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Winter is coming. Or, if you’ve kept up with the teaser trailer for the newest season – winter is finally here.

You don’t have to watch “Game of Thrones” for very long to learn how dangerous it is to get attached to virtually any character – especially if their last name happens to be Stark. From the kings in the North to the rulers in King's Landing, no one is safe in this epic storm of swords.

Leading up to the long-awaited seventh season, we looked back at the timeline of characters who met some of the most untimely endings in this hit series. From your odds of dying to the ways in which you could expect to go, we break down the likelihood of getting in and out of Westeros alive to tell the tale. Curious what the odds might be for any of the remaining characters? Keep reading to find out.

Valar Morghulis

Dead Or Alive

Not every character we meet in “Game of Thrones” is lucky enough to earn a name. Of course, even the ones who do don’t exactly have better odds in HBO’s adaptation of George R.R. Martin’s epic storyline.

Nearly 72% of every named character who crossed the screen over the past six seasons has died before ever finding out who gets to sit on the Iron Throne. If you’re keeping track, that’s almost 3 in 4 characters whom we’ve ever dared to get emotionally invested or ever wondered if they might be “the one.”

While it doesn’t do Catelyn Stark or even Jon Snow’s wildling lover Ygritte any good, women stand a better chance in the world of “Thrones” than men. While almost 65% of named female characters over the show’s run have died in some glorious fashion, more than 76% of male characters have met similar, gruesome fates.

You don’t even have to be human in “Game of Thrones” to win over our hearts and leave us sad, angry, and confused. Many of the animals featured on the show have died, usually right along with their owners. Of the six direwolf pups introduced within the first hour of the first season of “Game of Thrones,” four have died in ways that make us wonder if it really could get any worse. Our fingers are crossed for Ghost and Nymeria to make it out alive.

Our Blades Are Sharp

Meet Their Maker

“Game of Thrones” continues to shock us with new ways of killing characters each season. Just when you thought you’d seen it all in season 4 – when “The Mountain” (spoiler alert) crushed the skull of fan favorite Oberyn Martell with his bare hands – season 5 showed us how Melisandre convinced the would-be King of Westeros, Stannis Baratheon, to burn his daughter at the stake ... which, of course, proved fruitless.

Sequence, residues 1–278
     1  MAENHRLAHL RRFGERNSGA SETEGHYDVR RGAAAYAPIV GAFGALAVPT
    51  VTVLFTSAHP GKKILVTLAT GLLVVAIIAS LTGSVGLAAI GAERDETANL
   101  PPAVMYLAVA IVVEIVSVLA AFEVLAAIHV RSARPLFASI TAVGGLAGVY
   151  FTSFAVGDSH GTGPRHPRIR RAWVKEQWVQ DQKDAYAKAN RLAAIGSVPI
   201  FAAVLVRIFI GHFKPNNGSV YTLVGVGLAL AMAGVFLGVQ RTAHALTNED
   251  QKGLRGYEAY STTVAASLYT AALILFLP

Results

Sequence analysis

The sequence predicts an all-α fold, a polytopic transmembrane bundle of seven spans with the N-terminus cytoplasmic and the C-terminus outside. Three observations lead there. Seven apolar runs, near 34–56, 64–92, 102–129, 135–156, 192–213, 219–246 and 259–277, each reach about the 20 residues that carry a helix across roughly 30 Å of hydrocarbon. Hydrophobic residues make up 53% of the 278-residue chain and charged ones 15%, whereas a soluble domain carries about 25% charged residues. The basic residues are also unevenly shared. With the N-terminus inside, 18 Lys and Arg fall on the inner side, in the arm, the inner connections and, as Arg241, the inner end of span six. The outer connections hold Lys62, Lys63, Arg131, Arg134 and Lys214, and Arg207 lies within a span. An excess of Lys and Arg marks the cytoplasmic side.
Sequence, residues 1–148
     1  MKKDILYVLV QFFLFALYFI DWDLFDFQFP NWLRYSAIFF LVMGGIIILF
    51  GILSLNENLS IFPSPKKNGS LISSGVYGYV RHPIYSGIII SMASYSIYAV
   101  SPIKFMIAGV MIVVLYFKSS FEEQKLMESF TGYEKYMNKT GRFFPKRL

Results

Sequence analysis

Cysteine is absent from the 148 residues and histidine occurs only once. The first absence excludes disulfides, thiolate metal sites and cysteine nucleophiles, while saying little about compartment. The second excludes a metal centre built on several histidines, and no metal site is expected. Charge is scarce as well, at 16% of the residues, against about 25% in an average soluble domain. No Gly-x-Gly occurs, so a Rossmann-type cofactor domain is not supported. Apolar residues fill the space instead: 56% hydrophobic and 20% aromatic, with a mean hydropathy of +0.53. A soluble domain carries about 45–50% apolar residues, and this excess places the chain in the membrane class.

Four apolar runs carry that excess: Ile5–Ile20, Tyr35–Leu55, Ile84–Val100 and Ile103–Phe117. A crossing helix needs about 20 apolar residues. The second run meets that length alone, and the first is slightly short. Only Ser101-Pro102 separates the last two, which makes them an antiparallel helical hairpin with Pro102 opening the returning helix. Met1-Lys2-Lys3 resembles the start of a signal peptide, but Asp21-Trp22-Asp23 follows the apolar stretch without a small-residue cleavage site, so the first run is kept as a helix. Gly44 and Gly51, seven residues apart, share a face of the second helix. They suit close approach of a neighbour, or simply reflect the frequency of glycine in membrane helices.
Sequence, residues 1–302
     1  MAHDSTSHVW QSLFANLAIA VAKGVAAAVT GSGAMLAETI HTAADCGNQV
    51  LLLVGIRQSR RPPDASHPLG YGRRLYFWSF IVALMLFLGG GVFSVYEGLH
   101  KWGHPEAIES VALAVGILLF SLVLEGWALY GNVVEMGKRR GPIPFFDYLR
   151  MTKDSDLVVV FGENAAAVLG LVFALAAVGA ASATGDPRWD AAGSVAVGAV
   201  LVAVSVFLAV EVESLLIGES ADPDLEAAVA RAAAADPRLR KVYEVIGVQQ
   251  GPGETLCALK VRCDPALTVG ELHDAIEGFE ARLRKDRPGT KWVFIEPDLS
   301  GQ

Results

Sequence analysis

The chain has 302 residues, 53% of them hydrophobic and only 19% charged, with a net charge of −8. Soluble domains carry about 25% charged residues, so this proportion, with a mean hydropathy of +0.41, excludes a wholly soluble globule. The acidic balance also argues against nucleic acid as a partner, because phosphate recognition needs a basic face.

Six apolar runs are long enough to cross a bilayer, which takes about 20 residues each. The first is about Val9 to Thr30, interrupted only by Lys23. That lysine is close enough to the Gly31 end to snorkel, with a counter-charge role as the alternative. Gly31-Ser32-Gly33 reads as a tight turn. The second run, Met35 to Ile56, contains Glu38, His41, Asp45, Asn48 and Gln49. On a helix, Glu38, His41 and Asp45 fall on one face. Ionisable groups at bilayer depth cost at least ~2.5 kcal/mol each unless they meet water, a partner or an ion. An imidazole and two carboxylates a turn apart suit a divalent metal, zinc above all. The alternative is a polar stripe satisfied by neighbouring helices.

Still, with all of these wild and grim ways to die, good old-fashioned stabbings are still the most popular way to meet the Old Gods and the New in “Game of Thrones.” More than 1 in 3 characters that died were stabbed in one way or another. From every character who died during the Red Wedding (including Talisa, Robb, and Catelyn Stark) to Arya’s season 6 victim, Walder Frey, the odds of dying by sword or knife are relatively high.

Arrows (like the ones Tyrion used to kill Tywin Lannister in season 4) along with explosions (seen in the most recent season finale at the Great Sept of Baelor) have each accounted for nearly 7% of all “Game of Thrones” deaths over the years.

Death by shadow demons or direwolves only accounted for less than 1% of named characters who’ve died in this mad, crazy world.

Places Not to Vacation in Westeros

Location, Location, Location

King’s Landing may be the capital of the Seven Kingdoms, but it’s also the scene of the crime for more than 1 in 5 deaths on the show. Cersei raised the stakes last season by using wildfire to make her point with the Tyrells and the High Sparrow, but the odds are strong even more blood could be shed in King's Landing before all is said and done.

Of course, the darkest tragedies on “Game of Thrones” often involved men and women who visited a Stark. Nearly 14% of named characters over the last six seasons have died at the Stark family home in Winterfell. Like Wun Weg Wun Dar Wun, the giant, and everyone’s favorite psychopath Ramsay Bolton, Winterfell has been another hot location for increasing a character's odds of dying in Westeros.  

Characters looking to get out of dodge might consider places like Braavos, the Vale, or even the Eyrie – each of which has been the location of less than 3% of all “Game of Thrones” deaths.

And Now Their Watch Has Ended

Odds of Survival

Starks may be the first family that comes to mind when thinking of “Game of Thrones” characters who didn’t make it so far, but the Night’s Watch has them beat. A brotherhood by definition, more than 88% of the brothers in black since season 1 are dead. They are the Watchers on the Wall – and in the Battle of Ice and Fire, they also happen to be the most exposed to what’s probably coming next in the show.

Like the Night’s Watch, more named Starks, Lannisters, Tyrells, Martells, and Baratheons are dead than alive. For families like the Boltons and Freys, where every named member of their family has been killed, some houses may be gone forever.

At this moment, only the living Targaryens and Greyjoys outnumber those who’ve died over the last six seasons. Of course, as we’ve learned, anything can happen in season 7.

Don’t Play the Odds

Any way you want to slice it, the chances of survival in “Game of Thrones” are slim to none. Even if everyone watching thinks you’re the show’s main character, you could still lose your head before the first season is even finished. As we’ve seen, male characters are more likely to meet their makers than women – but even direwolves aren’t safe.

Sources

Methodology

We analyzed the publicly available databases on Wikipedia.org and Time.com to see which characters died, lived, and were resurrected in the world of Game of Thrones.

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